Water Adventures With Your Dog
Spring and Summer adventures with our dogs are so much fun, especially when there's water involved, and based in the beautiful Pacific Northwest, we can't wait! But before we head off, we thought it would be a good idea to remind ourselves of a few ways we can keep our pets safe and sound.
Commands to Master
Dogs are great outdoor adventure buddies, so why leave home without them? There are, however, a few basic skills that should be mastered before you and your pup trek out into nature.
“Leave It & Drop It” is an extremely important command that should be mastered before you head out into the great outdoors with your dog. There are many things that you might come across that could be harmful to your dog, so you want to make sure you have this command down, especially if you’re considering participating in off-leash activities with your dog. Even while on a leash, dogs can be quick and sneaky, grabbing something you don't want them to.
Recall of your dog is extremely valuable and should be practiced both at home and at a local park, so that it is solid before you start adventuring somewhere new. You will want your dog to return to you when others are around, there are unknown obstacles, or potential hazards. Ideally this recall will happen before your dog gets close enough for a Leave It or Drop It command.
“Lay Down & Stay” are important commands if you are focused on a task or in a place where your dog will need to stay put for a while. Some examples of this could be in a boat, on a SUP board, kayak, on a trail, or on the shore. Make sure you practice these commands in a lot of different safe places before taking your dog on adventures to new, unfamiliar places.
Out on the water...
What are some of your favorite ways to be outside with your dog? Many people love to take their dogs out on the water with them, and it can be so much fun! It can also be dangerous, however, unless you equip your dog with the necessary gear. Anytime you are playing near the water, make sure your fur family member is wearing a dog life jacket, regardless of whether your dog can swim. Let’s delve into a little more detail about a few of those water-based activities....
Dogs love stand up paddle boarding (SUP) and kayaking for many of the same reasons people do! SUP boards can be so much easier than kayaks and canoes to get in and out of for a dog. Dogs are less restricted on a SUP board and have more freedom to move around. With a bit of practice, training, and a good stable board, most dogs will learn quickly and be out on the water in just a few weeks.
Before you get your dog up on your SUP board on into your kayak, make sure you are proficient enough when it comes to your own skills before you add a dog into the mix. Next, add your dog and practice in your backyard or other safe location on stable ground. Figure out what it will be like putting your board in and out of the water, and of course, where your dog with be in relation to you.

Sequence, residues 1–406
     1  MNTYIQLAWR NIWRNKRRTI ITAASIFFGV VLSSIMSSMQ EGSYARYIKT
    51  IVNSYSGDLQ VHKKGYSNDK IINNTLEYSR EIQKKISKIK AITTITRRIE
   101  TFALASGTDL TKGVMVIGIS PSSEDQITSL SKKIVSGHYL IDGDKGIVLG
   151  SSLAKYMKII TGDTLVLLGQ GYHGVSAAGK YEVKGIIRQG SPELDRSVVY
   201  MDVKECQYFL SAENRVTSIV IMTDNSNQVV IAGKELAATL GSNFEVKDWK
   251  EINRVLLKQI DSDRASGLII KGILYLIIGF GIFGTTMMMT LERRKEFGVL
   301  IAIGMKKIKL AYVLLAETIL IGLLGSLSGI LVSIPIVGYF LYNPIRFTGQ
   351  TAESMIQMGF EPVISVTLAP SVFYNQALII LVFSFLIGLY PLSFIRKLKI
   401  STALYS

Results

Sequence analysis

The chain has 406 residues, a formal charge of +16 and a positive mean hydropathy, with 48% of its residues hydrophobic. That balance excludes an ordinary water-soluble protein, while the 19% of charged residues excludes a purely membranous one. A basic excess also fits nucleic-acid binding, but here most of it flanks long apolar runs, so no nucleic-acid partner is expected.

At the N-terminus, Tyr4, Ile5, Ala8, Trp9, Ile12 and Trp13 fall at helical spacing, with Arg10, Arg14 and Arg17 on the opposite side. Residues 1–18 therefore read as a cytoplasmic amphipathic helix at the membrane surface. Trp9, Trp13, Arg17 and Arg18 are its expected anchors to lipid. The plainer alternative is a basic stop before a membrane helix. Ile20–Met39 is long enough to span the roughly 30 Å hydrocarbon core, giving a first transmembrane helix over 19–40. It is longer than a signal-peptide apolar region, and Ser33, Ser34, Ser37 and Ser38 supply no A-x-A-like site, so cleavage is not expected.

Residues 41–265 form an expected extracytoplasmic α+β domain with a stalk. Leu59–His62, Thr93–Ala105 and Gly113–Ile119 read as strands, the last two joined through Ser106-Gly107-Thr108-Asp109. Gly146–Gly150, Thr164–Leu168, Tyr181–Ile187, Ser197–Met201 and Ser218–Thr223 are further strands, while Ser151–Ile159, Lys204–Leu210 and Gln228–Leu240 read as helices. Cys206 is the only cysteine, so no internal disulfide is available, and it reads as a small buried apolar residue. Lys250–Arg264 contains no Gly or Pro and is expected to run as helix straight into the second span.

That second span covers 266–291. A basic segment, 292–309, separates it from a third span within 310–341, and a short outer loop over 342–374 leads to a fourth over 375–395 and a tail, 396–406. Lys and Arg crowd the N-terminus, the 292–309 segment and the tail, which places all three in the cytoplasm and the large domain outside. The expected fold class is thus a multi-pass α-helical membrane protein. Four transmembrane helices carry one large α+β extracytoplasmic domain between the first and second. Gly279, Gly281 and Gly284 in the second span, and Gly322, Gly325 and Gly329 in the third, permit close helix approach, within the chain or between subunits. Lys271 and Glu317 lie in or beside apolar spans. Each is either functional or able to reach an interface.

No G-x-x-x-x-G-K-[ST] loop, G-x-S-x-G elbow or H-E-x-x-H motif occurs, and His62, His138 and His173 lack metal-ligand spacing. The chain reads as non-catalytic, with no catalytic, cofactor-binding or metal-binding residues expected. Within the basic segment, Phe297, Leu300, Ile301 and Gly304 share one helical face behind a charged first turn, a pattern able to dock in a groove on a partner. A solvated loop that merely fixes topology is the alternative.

Another water activity many people enjoy doing with their dogs is fishing. A dog could quite possibly be the most loyal fishing companion you’ve ever had! With this activity, you want to start in a low risk environment. Begin by hanging out together while fishing from the shore, before adding a boat into the mix. Make sure you know where your dog is, and practice different commands. Figure out if you want him to stay in place and be tethered, or if you are comfortable with him being off leash. Just be mindful of the area’s potential off leash restrictions. When you’re ready to move into a boat, you’ll also want to make sure to begin the learning process while in still water before taking your dog into a boat in moving water. As you transition to a boat, again you want to be comfortable with your dog’s placement in relation to you while fishing. Make sure your dog is in a safe place before a potentially big cast! Training will take time and several fishing outings before your dog becomes a fishing companion pro.
There are a few other things to think about when fishing with your dog. With a curious nature, they’ll gravitate toward interesting objects and might be interested in your tackle box. Make sure to avoid hooks and any other sharp objects getting stuck in your dog’s mouth by keeping all your equipment and hooks stowed safely away. Also, be sure to keep fish away from your pup’s mouth! Salmon poisoning is commonly seen in Washington, Oregon, Northern California, as well as the southern part of Vancouver Island in British Columbia, Canada. Infection can occur when dogs eat raw or under-cooked salmon, trout, steelhead, or Pacific Giant Salamanders infected with a parasitic flatworm.
Don’t forget that your dog has to go to the bathroom too. To avoid fishing trip interruptions when your dog just has to go, make sure to make stops to let your dog off the boat once or twice during a long day so they can go to the bathroom. Very importantly, make sure your dog keeps well hydrated, so take along plenty of water for him too. Even though you’ll be surrounded by water, one common mistake anglers with dogs make is to leave shore without an adequate supply of fresh water. Also, don't forget to pack a water bowl! While we’ve got hats, sunglasses and sunscreen to keep us humans protected, it's important to make sure your dog has some shade to sit in if the weather's hot.
If you're ready to take the plunge and take your pup out on the water, be sure and kit him out with all the latest outdoor gear for dogs, designed to keep him safe and sound.